The Faceswap manifesto has a very interesting point when stating that “it was the first AI code that anyone could download, run and learn by experimentation without having a Ph.D.”.
I think it actually is a great thing that such a powerful technology is easily available to everyone. The technology itself was existing even before this open source project, so keeping it reserved to few skilled people did not prevent misusage
(especially because as most of IT technology, it comes with a low price to run, so the only barrier is often actually lack of knowledge).
In this article Bruce Schneier (quite rightly) complains about the security of WhatsApp next features and the possible impact on society. At some point, he claims that “Of course alternatives like Signal will exist for those who don’t want to be subject to Facebook’s content moderation” and in one of the comments a reader says that “Deleting whatsapp and installing Signal (Or other) takes less than 5 minutes. There just isn’t any excuse anymore. Do it. Do it now. Right now”.
The recentevents made me think a lot about business models.
Modern services are most of the time non sense business model; the vast majority is either free, or ads supported, or subscription based. All of these models are not OK for most of the cases.
I wanted to create an API in CLokure/Compojure that accepted an arbitrary number or parameters. I’m using Luminus framework, and I have generated an app using the +service template, which creates a RESTful API (see here for details).
I’m experimenting with Clojurescript; Clojurescript is wonderful (just as Clojure is)
and with Reagent it is lots of fun.
Unfortunately as for much of the Clojure-world there is not much documentation, but
there is a very handy recipe book
that together with the basic documentation should get you up and running.
Recently I had to find a bug which has shown to be very nasty (not to mention
not existent). One morning a customer called us claiming that one of our
services was not working. The service is composed of two APIs: a SOAP one and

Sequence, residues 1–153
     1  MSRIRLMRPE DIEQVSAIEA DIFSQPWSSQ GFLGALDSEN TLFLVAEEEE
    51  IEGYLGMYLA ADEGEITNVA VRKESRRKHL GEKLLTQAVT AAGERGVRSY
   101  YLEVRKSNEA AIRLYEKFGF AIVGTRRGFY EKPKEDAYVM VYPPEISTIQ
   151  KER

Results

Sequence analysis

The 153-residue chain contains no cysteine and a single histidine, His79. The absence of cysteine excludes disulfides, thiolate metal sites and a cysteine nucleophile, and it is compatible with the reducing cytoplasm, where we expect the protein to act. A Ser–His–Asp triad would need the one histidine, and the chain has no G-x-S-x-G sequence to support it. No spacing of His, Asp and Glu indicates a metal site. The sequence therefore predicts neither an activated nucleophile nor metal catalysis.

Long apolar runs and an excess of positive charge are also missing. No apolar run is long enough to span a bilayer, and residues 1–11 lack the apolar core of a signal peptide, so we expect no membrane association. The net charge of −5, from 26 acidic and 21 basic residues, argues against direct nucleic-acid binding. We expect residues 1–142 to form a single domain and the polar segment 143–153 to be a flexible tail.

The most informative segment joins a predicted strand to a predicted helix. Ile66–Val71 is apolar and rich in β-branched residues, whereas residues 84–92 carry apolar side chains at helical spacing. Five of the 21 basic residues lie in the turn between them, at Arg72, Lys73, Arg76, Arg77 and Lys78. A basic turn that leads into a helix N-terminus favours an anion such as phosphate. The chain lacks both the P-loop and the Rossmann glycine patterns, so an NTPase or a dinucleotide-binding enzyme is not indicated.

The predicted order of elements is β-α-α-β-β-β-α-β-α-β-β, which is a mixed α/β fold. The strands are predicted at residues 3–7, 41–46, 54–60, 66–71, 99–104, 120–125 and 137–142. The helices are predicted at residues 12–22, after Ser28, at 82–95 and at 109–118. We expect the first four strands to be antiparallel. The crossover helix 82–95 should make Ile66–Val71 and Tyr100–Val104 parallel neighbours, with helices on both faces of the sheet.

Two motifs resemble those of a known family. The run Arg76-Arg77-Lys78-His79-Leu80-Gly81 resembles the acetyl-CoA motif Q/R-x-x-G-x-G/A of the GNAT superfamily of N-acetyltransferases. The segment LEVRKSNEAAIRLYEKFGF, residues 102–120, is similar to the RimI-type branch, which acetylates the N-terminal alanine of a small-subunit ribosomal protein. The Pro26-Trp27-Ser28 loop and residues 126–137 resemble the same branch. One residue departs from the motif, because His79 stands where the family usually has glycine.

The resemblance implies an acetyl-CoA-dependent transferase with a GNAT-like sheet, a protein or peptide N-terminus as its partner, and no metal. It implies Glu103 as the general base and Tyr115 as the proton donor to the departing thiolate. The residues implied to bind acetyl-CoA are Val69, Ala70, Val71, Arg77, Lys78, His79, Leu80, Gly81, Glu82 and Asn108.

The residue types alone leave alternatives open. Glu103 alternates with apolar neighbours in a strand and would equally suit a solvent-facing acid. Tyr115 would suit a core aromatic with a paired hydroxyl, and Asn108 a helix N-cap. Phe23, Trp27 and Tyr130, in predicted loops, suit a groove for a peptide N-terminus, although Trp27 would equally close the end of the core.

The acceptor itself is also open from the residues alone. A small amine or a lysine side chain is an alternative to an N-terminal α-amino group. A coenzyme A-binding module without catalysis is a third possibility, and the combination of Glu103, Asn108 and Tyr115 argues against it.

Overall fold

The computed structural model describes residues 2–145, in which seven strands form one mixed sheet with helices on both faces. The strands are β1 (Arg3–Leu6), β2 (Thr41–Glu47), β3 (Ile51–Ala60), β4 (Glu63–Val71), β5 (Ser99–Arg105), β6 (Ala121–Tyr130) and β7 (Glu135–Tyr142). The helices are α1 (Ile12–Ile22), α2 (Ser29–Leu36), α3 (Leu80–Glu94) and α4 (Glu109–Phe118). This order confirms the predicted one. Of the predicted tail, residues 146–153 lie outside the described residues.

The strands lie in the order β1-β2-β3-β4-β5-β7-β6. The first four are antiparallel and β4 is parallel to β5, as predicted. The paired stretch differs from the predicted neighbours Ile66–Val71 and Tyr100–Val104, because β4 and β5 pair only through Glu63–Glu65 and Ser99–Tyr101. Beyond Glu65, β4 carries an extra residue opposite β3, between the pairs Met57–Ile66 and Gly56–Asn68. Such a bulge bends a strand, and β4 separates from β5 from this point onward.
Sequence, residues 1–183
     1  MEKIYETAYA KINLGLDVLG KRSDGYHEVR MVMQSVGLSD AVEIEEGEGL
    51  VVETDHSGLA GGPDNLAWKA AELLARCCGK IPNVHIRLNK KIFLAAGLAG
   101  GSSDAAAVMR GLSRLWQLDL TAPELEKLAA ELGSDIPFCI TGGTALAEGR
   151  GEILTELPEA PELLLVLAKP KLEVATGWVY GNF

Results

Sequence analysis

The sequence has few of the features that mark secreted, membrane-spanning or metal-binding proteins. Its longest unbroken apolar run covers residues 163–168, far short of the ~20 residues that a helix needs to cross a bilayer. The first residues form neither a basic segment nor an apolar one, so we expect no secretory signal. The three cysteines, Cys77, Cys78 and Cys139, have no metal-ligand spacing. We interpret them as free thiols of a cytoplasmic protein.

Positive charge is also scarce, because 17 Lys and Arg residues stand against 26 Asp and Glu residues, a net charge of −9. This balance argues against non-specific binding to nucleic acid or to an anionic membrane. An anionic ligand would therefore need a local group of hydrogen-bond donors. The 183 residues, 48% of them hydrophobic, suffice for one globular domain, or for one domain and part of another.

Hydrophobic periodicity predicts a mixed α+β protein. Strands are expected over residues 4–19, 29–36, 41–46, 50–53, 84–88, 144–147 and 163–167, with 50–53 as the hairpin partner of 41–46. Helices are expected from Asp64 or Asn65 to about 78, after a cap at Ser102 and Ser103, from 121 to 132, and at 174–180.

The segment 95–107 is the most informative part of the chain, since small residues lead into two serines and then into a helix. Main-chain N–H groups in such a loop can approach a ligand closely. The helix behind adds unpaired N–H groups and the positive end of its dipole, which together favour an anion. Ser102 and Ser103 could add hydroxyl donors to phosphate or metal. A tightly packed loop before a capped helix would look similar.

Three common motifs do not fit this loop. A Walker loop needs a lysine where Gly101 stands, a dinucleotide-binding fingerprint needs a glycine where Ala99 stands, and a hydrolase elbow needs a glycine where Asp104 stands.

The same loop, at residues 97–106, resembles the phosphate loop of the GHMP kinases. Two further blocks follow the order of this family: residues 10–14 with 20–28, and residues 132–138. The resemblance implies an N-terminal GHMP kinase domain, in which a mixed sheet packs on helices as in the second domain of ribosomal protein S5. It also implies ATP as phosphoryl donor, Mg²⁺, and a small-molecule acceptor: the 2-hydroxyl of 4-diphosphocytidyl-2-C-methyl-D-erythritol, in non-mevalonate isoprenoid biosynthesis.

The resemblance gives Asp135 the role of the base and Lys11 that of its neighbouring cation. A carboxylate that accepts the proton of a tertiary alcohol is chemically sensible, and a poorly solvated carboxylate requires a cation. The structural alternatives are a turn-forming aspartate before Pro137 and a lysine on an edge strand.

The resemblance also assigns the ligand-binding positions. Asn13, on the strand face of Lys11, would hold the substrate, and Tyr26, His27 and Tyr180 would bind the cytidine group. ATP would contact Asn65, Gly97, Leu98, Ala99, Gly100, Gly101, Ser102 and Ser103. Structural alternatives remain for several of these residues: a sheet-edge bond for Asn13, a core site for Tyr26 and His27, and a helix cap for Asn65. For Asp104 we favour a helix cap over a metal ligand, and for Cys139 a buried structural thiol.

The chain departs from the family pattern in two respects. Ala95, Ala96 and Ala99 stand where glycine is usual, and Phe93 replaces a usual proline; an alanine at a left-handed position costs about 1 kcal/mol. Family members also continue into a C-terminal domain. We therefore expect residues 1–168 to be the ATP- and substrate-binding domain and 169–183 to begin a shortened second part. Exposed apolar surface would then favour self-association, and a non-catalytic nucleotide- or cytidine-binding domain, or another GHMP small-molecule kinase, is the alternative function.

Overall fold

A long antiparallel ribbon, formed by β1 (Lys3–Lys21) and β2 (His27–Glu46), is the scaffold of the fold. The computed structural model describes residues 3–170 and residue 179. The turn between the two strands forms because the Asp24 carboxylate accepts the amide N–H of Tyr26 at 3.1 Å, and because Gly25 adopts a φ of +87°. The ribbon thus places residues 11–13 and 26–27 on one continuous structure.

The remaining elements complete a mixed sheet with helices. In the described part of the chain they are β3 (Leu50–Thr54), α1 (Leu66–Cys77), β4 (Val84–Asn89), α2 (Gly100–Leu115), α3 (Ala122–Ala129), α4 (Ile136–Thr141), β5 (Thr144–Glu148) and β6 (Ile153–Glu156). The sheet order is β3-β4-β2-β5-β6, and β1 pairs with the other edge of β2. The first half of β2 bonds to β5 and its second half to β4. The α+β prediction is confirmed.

a RESTful one. The problem was reported to affect the SOAP interface (even if
a later analysis show that also the REST API was suffering from the same
Knowing regexp is always a good tool. They can be useful for many tasks: from
searching strings to manipulating texts. A fun way to learn regexp is by using
this site; it basically is a crossword game
where definitions are in facts regular expressions.
Testing a RESTful API can be tricky, but it is totaly feasible. To keep things
as easy as possible I use curl to do all the calls. To clean the code as
clean as possible, instead of using the PHP implementation of curl, I prefer
to directly call the curl command.
Authentication in a RESTFUL api is crucial. You don’t want to give
unauthorized access to private resources, nor to allow dangerous operations.
There are many ways to authenticate a request. For instance:
Now that Yii 2 was released it may be not very useful, but I’m sure many people
are still using 1.1.x versions in production. Because of some internals of Yii
it is not possible to install the latest version of PHPUnit, but you have to
stick with an old one (I use version 3.7.1). There are basically two ways: PEAR (deprecated) or
I had to import a very large dataset (about 2.5M rows – OK, not that large,
but large enough to cut my teeth on it). After a quick search on google I found
out that the most efficient way to import data into mysql is to use
the mysqlimport command which is shipped with MySql.
Use ttab to open a tab from the CLI on OsX
ttab opens a new tab on OsX from the CLI. See here for more.